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Six Ways to Master the Art of Article Marketing

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Author: Dana Blozis


In recent years with the proliferation of article distribution services like SubmitYourArticle.com, Content Desk and WeSubmitArticles.com, it seems that everyone is jumping on the article submission bandwagon. Along with these self-marketers comes a group of industry experts who are eager to share their knowledge with the world.

As a writer, editor and reviewer of such articles, I have seen incredibly well-written pieces that are engaging and informative. I have also seen a rash of poorly written articles that fail to clearly make their point.

If article marketing is a part of your marketing plan, follow these suggestions to ensure that you not only put your best foot forward but also that your readers enjoy your material and seek you out as a resident expert in your topic of choice.

1. Use attention-getting headlines. A clever headline will ignite your reader's interest. For example, instead of labeling your article "Preparing Your Home for Sale," title it "Top 10 Tips for Improving Your Home's Curb Appeal." While the first headline is descriptive, the second one is much more engaging and more likely to captivate readers.

2. Know your topic and present it clearly. Whether you are truly an industry expert in your selected topic or a ghost writer working from research notes, make sure that you understand the topic well enough to explain it to someone else. In addition, break the material down into manageable "bite size" chunks of information. Use bulleted and numbered lists to present information in simple, easy- to-follow steps.

3. Submit articles in a timely fashion. I have repeatedly seen authors submit articles that are well past their prime. For example, avoid submitting Valentine's Day gift suggestions after February and Halloween costume ideas in July. Readers will ignore such advice if its timing is poor, so save it until the information is appropriate again.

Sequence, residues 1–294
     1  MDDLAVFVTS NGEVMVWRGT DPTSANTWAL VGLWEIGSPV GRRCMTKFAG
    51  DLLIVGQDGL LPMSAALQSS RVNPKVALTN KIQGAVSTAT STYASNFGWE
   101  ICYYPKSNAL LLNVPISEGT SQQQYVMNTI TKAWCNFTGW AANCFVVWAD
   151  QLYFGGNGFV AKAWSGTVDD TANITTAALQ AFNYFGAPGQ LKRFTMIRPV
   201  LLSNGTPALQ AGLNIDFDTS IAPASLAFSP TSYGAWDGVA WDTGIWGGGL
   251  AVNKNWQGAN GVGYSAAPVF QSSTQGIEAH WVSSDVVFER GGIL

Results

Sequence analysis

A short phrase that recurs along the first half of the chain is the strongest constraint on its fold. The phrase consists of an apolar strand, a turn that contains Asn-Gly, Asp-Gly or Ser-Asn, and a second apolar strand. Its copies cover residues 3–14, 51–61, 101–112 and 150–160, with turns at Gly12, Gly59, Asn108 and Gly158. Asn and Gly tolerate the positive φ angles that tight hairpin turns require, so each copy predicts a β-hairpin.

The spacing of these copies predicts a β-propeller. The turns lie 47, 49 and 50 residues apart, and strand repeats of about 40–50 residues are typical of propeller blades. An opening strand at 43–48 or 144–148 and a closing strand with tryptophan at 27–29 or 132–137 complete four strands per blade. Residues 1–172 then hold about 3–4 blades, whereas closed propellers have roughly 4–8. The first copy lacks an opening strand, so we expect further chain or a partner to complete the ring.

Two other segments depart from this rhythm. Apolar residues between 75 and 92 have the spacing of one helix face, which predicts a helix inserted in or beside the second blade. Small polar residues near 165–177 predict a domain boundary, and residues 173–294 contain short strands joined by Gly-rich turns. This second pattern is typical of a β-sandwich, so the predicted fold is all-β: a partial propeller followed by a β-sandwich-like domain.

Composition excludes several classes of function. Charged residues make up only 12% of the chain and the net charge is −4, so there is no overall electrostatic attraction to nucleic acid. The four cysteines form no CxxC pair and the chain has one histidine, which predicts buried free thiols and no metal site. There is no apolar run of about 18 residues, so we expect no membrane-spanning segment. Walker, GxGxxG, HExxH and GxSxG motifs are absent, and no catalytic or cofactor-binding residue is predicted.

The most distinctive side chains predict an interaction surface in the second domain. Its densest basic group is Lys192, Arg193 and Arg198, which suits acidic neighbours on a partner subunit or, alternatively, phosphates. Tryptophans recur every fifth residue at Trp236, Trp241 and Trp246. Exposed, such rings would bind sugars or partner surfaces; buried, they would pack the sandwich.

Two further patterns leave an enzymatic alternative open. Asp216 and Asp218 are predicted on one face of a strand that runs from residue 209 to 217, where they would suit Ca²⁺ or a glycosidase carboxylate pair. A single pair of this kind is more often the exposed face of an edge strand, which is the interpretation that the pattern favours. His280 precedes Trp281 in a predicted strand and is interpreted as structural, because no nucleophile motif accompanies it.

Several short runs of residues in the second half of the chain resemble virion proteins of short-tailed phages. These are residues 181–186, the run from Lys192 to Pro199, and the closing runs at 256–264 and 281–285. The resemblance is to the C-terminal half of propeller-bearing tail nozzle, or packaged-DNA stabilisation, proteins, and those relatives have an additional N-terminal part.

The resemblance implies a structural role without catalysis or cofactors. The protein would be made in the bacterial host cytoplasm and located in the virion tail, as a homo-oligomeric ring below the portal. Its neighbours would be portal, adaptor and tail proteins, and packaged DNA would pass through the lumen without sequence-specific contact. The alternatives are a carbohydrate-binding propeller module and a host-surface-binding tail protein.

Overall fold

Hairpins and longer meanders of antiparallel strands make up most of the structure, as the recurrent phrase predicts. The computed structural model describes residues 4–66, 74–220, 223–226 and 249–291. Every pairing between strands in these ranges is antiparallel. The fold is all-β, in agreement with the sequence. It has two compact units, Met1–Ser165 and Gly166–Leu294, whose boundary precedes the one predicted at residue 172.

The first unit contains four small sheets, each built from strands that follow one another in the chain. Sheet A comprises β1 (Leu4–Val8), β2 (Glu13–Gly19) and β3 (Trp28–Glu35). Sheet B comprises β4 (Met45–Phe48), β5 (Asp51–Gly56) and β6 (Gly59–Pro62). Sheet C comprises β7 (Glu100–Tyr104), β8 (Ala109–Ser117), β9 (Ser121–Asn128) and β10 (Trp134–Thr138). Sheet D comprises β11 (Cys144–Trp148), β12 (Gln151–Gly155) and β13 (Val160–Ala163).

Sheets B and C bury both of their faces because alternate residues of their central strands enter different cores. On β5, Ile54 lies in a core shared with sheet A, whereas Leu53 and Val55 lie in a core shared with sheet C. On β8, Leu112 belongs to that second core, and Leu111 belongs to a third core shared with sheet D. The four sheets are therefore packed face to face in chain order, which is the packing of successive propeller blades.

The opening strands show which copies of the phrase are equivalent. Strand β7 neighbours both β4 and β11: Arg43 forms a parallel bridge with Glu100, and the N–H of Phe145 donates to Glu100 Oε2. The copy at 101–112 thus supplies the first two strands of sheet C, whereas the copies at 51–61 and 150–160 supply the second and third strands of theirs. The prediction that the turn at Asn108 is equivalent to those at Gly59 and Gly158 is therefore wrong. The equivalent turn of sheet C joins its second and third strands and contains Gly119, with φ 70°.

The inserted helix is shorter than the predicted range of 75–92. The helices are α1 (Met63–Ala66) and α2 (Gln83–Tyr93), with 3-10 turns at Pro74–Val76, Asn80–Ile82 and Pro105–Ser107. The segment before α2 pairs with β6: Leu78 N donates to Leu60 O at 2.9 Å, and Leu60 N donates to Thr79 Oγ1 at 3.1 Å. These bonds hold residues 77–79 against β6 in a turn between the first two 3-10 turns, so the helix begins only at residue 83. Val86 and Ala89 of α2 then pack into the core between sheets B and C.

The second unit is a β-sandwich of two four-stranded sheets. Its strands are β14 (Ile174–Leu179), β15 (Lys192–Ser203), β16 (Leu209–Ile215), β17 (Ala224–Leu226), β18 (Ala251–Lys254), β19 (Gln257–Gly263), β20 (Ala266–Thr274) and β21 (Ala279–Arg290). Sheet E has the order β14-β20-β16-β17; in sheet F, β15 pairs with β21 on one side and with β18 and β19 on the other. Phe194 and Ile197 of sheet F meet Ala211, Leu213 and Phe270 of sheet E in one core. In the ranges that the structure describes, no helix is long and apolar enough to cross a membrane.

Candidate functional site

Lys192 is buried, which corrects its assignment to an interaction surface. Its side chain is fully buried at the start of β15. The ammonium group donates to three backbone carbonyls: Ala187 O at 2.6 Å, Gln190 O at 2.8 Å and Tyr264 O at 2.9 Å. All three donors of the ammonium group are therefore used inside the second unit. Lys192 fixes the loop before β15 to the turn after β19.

4. Ensure that your articles are free of spelling, punctuation and grammatical errors. Granted, you may not have been born with a red pen and a dictionary in your hands, but submitting quality material is critical. Why? Errors detract from the readability of an otherwise useful article and, at the same time, hamper your credibility. Use spell check, invest in a grammar guide or hire a professional proofreader or copywriter.

5. Conclude your article with a call to action. Consider what you would like your reader to do after reading your article - Try a new exercise technique? Rethink a business relationship? Test a new recipe? Research online opportunities on the Web? Encourage your reader to take that next step. And, please DO NOT end your article with, "so there you have itů" You are essentially saying to your readers, "There you go, dummy."

6. Maximize the resource box. Article submission directories offer you either a plain text or HTML resource box, or sometimes both. Make the most of this space by including your name and/or your company's name, a one or two-line bio, and contact information such as a website or e-mail address. To encourage readers to access your Web site, offer an incentive such as a free report or a complimentary subscription to your e-zine or electronic newsletter.

Copyright (c) 2007 Dana Blozis

About the author: With 20 years of professional experience and a degree in business administration, Dana Blozis is the president of Virtually Yourz, a Seattle-based virtual assistant firm specializing in writing, editing and marketing services for small businesses and nonprofits. Visit http://www.virtuallyyourz.com to sign up for her free marketing newsletter.


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